Economists almost never analyze qualitative data. We typically analyze quantitative data from structured survey questions because they are easier to administer to large representative samples of respondents, and easier to analyze using standard econometric methods. However, many questions of interest to economists may be better captured with open-ended qualitative interviews rather than structured questionnaires. These include important concepts like well-being, social norms, cultural change, vulnerability, resilience, decision-making, processes of change in interventions and experiments, and aspirations.
Structured questions work best on concepts where the possible range of responses can be predicted in advance by the researcher and, perhaps more importantly, where respondents have the same understanding of the latent construct underlying the question as the researcher. For concepts where respondents have heterogeneous understandings of the concept and where unpredictable probes and follow ups may be necessary, it may be preferable to allow the respondent freedom to respond in an open-ended conversational style and in the manner of their choosing. Additionally, a trained interviewer can then probe an issue in a relatively unstructured manner by iteratively asking follow-up questions in a more conversational style. This process also has the advantage of eliciting information that is more “reflexive” and "bottom-up”, i.e. driven more by the respondent rather than primarily designed ex-ante by the researcher.
Open-ended approaches to interviews have not been employed much by economists because analyzing them is hard and almost impossible to do at scale with statistically representative samples. They are primarily the domain of qualitative researchers in anthropology, sociology and related fields who mull over recordings or transcripts of interviews for considerable periods of time, listening, reading, interpreting, and carefully coding them within the context of a theory or conceptual framework. Coding remains a labor-intensive process typically done by trained social scientists and is an essential step in conducting nuanced analysis of qualitative data that is based on human interpretation. Interpretative qualitative analysis is consequently associated with small sample studies. Typically, a dataset of, say, 100 interviews is considered a large-N qualitative dataset. This small sample challenge that has been intrinsic to qualitative methods has resulted in a large methodological literature on qualitative and case-study methods focusing on justifying and interpreting data from interviews gathered from samples that are not designed to be statistically representative of larger populations. Their general approach has been to inductively draw out inferences that reflexively expand our understanding of an issue, or to inform theory, rather than claim statistical representativeness.
The advent of Natural Language Processing methods (NLP) tools that treat text-as-data have led some economists to begin to make the case for the analysis of open-ended interviews, which has coincided with growing interest in “narrative economics.” NLP methods broadly fall into two categories: unsupervised methods that extract measures from the text that explain the variation across documents, for example grouping documents into different topics; and supervised methods that extract measures from the text that explain some contextual information about the document. Social science applications of NLP to open ended interviews have generally focused on unsupervised methods. These methods essentially reduce the dimensionality of the text to make it more analyzable. Researchers then interpret the data by analyzing these computer-generated representations of text. A potential drawback here is that rather than basing interpretation on a reading of the documents, researchers interpret the simplified representations of the text. Furthermore, as unsupervised models are typically “unguided”, i.e., they do not seek to extract a particular signal from text, it can often be that the resulting measures are not suited to the research question of interest. Therefore, unsupervised NLP methods generally do not permit the kind of interpretative qualitative analysis done by anthropologists and sociologists where humans rather than machines code and classify the data.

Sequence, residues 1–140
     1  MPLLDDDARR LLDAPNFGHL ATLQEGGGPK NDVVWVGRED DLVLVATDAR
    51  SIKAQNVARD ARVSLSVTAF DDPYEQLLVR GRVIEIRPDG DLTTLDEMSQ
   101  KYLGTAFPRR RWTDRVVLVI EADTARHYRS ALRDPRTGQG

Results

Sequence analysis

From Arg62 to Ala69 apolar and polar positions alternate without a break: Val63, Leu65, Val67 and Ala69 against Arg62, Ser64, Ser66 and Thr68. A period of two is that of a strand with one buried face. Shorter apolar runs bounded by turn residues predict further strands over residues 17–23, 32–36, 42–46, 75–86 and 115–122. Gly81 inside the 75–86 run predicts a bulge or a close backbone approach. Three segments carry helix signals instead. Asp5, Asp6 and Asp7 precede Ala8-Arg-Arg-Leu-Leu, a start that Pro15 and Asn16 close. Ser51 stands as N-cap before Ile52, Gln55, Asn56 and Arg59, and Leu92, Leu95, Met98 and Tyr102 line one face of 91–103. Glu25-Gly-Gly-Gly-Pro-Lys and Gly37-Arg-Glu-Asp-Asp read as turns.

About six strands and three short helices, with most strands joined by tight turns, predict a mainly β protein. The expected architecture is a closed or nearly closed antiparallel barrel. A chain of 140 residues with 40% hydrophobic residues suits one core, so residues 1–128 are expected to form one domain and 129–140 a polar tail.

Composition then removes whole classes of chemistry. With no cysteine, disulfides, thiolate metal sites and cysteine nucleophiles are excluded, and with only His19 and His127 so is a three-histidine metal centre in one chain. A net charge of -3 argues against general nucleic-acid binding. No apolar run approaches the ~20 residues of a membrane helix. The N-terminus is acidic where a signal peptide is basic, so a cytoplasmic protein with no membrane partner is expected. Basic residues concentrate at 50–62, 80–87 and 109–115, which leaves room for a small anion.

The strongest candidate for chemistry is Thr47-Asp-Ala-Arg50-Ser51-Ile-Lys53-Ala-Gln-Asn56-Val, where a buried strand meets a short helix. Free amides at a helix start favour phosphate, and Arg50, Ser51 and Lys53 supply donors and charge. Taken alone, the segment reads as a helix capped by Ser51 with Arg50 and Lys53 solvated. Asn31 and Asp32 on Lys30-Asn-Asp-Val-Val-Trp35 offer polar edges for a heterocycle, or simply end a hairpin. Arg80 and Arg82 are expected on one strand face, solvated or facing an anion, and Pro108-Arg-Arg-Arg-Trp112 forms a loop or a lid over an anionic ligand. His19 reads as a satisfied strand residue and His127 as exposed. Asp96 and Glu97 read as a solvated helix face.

In a recent paper we develop a “supervised” NLP method that allows open-ended interviews, and other forms of text, to be analyzed using interpretative human coding. As supervised methods require documents to be “labelled”, we use interpretative human coding to generate these labels, thus following the logic of traditional qualitative analysis as closely as possible. Briefly, a sub-sample of the transcripts of open-ended interviews are coded by a small team of trained coders who read the transcripts, decide on a “coding-tree,” and then code the transcripts using qualitative analysis software which is designed for this purpose. This human coded sub-sample is then used as a training set to predict the codes on the full, statistically representative sample. The annotated data on the “enhanced” sample is then analyzed using standard statistical analysis, correcting for the additional noise introduced by the predictions. Our method allows social scientists to analyze representative samples of open-ended qualitative interviews, and to do so by inductively creating a coding structure that emerges from a close, human reading of a sub-sample of interviews that are then used to predict codes on the larger sample. We see this as an organic extension of traditional, interpretative, human-coded qualitative analysis, but done at scale.
This method has interpretative advantages over “unsupervised” NLP methods, but it also has an advantage over methods which map text against pre-defined dictionaries of, for example, positive and negative words. While these dictionaries are very well developed in some areas, such as sentiment analysis for economic and financial news, in many cases a relevant dictionary may not be available for a particular research question, language or cultural context. Furthermore, before an in-depth reading of the documents it might not be clear what sort of dictionary might be relevant. Working with human codes in a sub-set of the data falls in the category of “supervised” NLP methods – but gives us a training set that is specific to the sample being analyzed, and thus has the potential for nuanced, context-specific analysis. It is thus analogous to a dictionary created specifically for the analytic sample. Furthermore, we do not need to guess at the interpretation of our text-based measures, as they are a product of our interpretative coding process. We believe the method has wide applicability for a variety of questions.